For a few months, the two gadgets of my desire has been the Drobo and the Fujitsu Scansnap. This article is about my recent experience with the Drobo. The Drobo is a wonderful thing that you can hook to your computer, throw any old Serial ATA hard drives into, and back up Terabytes worth of data (up to 16TB) easily and without worries. They have touted this thing on TWIT and Macbreak Weekly and I’m sure in many many other places. It is the wonder box, because it stripes the hard drives so that your data is backed up in a what they call a “BeyondRAID” configuration and even if a hard drive dies or you pull one of the hard drives out and put another one in, you won’t lose anything.
It’s also super simple because you can just look at the lights on the front to see how the drives are doing and the blue lights on the bottom show how much storage you have left. What could be simpler?
Having never seen one of these in person, I was interested when I saw one of my clients had gotten two and had them working away.
The first thing I noticed was that one of the Drobos was not mounting on the iMac to which it was connected. The Drobo comes with some software that runs on the Mac and gives you information about what is going on with the device. This “Drobo Dashboard” was saying that the disk was “unlabeled.” It used to have a name, but now it had none. In the Dashboard there is a pie chart that shows how much space is used and how much is available. I could see there was 750 Gigabytes worth of data on this thing, that was now unreachable. I checked the disk utility and the Drobo was showing up but you couldn’t verify the disk, repair disk permissions or repair the disk.
What I found was that this particular Drobo had a habit of spontaneously disconnecting from the iMac. Why? Well after a little investigation I found that the firewire 800 cable had a broken interface. The little square in the plug that went to the Drobo was broken. This must have caused it to dismount on its own repeatedly without being ejected. The warning that comes up when you unplug a drive from a Mac, might have some truth to it. For the same reason we don’t make a habit of shutting our computers down with the power button, we don’t disconnect drives without ejecting them. What can happen, especially, apparently, with the Drobo, is that after a while the drive structure can become corrupted and all of a sudden the computer doesn’t know what is on the drive anymore. The data is there, but the file structure is not.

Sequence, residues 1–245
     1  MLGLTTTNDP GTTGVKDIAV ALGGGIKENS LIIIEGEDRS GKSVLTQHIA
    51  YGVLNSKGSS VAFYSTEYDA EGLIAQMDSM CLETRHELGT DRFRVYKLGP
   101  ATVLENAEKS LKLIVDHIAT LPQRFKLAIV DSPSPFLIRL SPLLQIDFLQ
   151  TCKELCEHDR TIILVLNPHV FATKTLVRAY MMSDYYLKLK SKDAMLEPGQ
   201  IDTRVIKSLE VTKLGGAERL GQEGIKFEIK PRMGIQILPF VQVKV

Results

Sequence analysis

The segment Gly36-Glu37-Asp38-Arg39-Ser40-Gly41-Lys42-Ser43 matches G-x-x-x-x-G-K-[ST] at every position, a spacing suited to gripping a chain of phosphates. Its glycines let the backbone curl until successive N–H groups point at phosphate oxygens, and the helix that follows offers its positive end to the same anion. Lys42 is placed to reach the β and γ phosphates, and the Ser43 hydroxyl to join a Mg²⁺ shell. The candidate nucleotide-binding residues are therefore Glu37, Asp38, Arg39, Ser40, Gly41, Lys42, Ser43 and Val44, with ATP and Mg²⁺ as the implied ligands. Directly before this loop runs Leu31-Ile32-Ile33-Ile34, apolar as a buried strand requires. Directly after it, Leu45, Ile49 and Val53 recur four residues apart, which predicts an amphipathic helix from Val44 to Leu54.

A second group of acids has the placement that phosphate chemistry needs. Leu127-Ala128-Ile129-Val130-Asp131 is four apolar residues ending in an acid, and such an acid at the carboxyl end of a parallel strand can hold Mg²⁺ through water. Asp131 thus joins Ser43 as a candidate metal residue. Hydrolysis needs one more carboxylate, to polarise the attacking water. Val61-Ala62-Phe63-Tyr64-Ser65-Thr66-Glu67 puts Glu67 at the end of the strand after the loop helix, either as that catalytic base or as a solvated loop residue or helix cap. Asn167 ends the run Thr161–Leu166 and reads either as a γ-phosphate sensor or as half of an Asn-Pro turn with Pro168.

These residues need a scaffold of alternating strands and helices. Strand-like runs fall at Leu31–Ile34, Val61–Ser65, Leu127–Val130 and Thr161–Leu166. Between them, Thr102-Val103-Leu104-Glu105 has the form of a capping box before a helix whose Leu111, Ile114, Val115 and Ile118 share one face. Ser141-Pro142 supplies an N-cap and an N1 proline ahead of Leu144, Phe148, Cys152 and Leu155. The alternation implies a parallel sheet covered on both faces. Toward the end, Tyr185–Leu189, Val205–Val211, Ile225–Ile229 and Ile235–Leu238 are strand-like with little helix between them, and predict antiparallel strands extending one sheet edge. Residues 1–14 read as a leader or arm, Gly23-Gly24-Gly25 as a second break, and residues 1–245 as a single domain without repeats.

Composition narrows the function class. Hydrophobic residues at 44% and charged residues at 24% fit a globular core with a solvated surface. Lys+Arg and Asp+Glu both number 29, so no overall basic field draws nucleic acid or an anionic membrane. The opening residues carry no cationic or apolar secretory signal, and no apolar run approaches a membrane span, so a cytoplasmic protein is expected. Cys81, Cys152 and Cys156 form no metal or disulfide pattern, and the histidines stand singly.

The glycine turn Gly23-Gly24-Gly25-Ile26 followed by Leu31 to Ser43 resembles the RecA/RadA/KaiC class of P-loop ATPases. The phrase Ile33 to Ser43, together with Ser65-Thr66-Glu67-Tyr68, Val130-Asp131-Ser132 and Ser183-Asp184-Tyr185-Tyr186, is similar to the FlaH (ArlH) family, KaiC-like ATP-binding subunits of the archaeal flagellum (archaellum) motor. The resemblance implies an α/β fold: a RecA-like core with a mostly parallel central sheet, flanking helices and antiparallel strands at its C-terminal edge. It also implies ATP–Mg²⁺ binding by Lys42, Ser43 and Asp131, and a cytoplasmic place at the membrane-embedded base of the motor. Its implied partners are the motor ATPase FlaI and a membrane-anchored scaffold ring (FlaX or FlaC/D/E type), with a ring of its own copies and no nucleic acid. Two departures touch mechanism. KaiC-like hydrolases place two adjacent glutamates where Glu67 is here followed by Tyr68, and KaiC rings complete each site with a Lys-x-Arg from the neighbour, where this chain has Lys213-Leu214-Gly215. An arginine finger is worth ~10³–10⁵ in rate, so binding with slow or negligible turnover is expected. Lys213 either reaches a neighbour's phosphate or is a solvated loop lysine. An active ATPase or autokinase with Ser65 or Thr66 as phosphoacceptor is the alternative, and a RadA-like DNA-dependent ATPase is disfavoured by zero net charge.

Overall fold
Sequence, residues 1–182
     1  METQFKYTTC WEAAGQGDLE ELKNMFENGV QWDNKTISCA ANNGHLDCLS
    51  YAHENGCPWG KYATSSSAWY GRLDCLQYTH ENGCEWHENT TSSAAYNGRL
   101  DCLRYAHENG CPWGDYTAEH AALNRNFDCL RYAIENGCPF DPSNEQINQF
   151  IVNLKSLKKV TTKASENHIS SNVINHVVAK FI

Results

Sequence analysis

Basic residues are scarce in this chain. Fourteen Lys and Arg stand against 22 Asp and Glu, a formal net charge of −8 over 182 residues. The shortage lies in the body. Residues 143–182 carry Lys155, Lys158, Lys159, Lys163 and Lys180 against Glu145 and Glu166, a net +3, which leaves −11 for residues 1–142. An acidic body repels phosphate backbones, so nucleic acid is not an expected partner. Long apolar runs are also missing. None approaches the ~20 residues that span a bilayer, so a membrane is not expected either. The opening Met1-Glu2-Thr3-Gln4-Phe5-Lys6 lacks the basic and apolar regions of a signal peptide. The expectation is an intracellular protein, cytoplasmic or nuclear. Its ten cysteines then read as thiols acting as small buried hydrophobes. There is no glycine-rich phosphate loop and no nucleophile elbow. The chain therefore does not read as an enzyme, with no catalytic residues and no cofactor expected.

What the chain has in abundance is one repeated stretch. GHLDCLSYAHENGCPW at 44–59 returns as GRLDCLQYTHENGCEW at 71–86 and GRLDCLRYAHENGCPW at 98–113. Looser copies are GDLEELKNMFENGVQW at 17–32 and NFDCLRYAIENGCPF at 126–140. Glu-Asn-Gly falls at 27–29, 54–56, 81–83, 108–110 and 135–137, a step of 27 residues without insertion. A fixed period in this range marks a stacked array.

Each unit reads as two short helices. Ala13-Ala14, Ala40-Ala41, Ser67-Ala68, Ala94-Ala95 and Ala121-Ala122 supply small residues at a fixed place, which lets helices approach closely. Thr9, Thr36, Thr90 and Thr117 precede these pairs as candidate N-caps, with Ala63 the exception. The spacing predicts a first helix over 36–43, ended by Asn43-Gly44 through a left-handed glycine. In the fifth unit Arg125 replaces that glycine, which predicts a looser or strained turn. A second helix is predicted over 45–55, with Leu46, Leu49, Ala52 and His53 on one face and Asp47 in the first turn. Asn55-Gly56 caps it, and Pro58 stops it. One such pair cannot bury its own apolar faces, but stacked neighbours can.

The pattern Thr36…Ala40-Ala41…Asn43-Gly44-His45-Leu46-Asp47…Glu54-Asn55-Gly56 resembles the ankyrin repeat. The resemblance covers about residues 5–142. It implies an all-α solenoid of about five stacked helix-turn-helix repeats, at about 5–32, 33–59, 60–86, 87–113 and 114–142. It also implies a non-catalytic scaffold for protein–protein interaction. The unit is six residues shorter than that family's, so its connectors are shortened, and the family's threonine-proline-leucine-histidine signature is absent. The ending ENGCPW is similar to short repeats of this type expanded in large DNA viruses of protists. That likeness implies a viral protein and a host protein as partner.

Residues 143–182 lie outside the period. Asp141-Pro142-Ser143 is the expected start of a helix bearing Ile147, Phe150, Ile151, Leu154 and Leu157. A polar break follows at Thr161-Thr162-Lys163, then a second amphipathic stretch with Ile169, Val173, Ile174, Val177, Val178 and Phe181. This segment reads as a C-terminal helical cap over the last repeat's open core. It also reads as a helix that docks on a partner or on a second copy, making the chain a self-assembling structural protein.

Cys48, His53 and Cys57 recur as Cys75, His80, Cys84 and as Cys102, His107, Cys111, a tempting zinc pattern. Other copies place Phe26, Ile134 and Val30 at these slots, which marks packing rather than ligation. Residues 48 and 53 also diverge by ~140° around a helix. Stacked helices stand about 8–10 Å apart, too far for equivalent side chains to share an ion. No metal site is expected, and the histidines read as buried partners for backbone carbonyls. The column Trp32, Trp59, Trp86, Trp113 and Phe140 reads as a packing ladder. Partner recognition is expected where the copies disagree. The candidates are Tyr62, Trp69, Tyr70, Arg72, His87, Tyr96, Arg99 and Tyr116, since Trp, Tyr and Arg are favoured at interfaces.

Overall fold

I called Drobo support and talked with a very nice woman, who walked me through the process of updating the dashboard software and the Drobo firmware. In the end the disk was still unlabeled and she suggested that I try a third-party software like Disk Warrior, Data Rescue II or Techtool. I took the firewire off and replaced it with USB and ran Disk Warrior on the Drobo and after it went through and found the directory structure was damaged, it mounted the drive on the desktop and recommended that I just try to recover the data. It said it couldn’t replace the directory structure.
I then decided to copy the data to another drive and let it run overnight. The copy message said it would take 33 hours. The copying stopped on its own long before the data was copied over. I came in the next morning and decided I was going to try a command line utility that was suggested to me to repair the file structure. Before doing that I decided to just plug the Drobo in with a different firewire cable and reboot the computer. The Drobo mounted and seems to be fine.
What probably happened: The Drobo had a bad firewire cable that caused it to unmount unexpectedly. Eventually the file structure became corrupted. Either Disk Warrior or the Apple operating system rebuilt it.
So here’s what I learned from this experience.
1. Make sure your firewire 800 cable doesn’t have a broken little square in the end. This will cause disconnections that can corrupt file structure and leave your Drobo “unlabeled.”
2. Drobos aren’t infallible. I think they are mainly just a great place to back stuff up.
3. With these larger hard drive spaces, moving data is going to become more an more difficult. It takes a long time to move 750 GBs of data. If there is any error along the way it just stops. Applications such as Chronosync, make this much easier to synchronize and copy data. Once the Drobo was up and running I copied the data to another drive using Chronosync.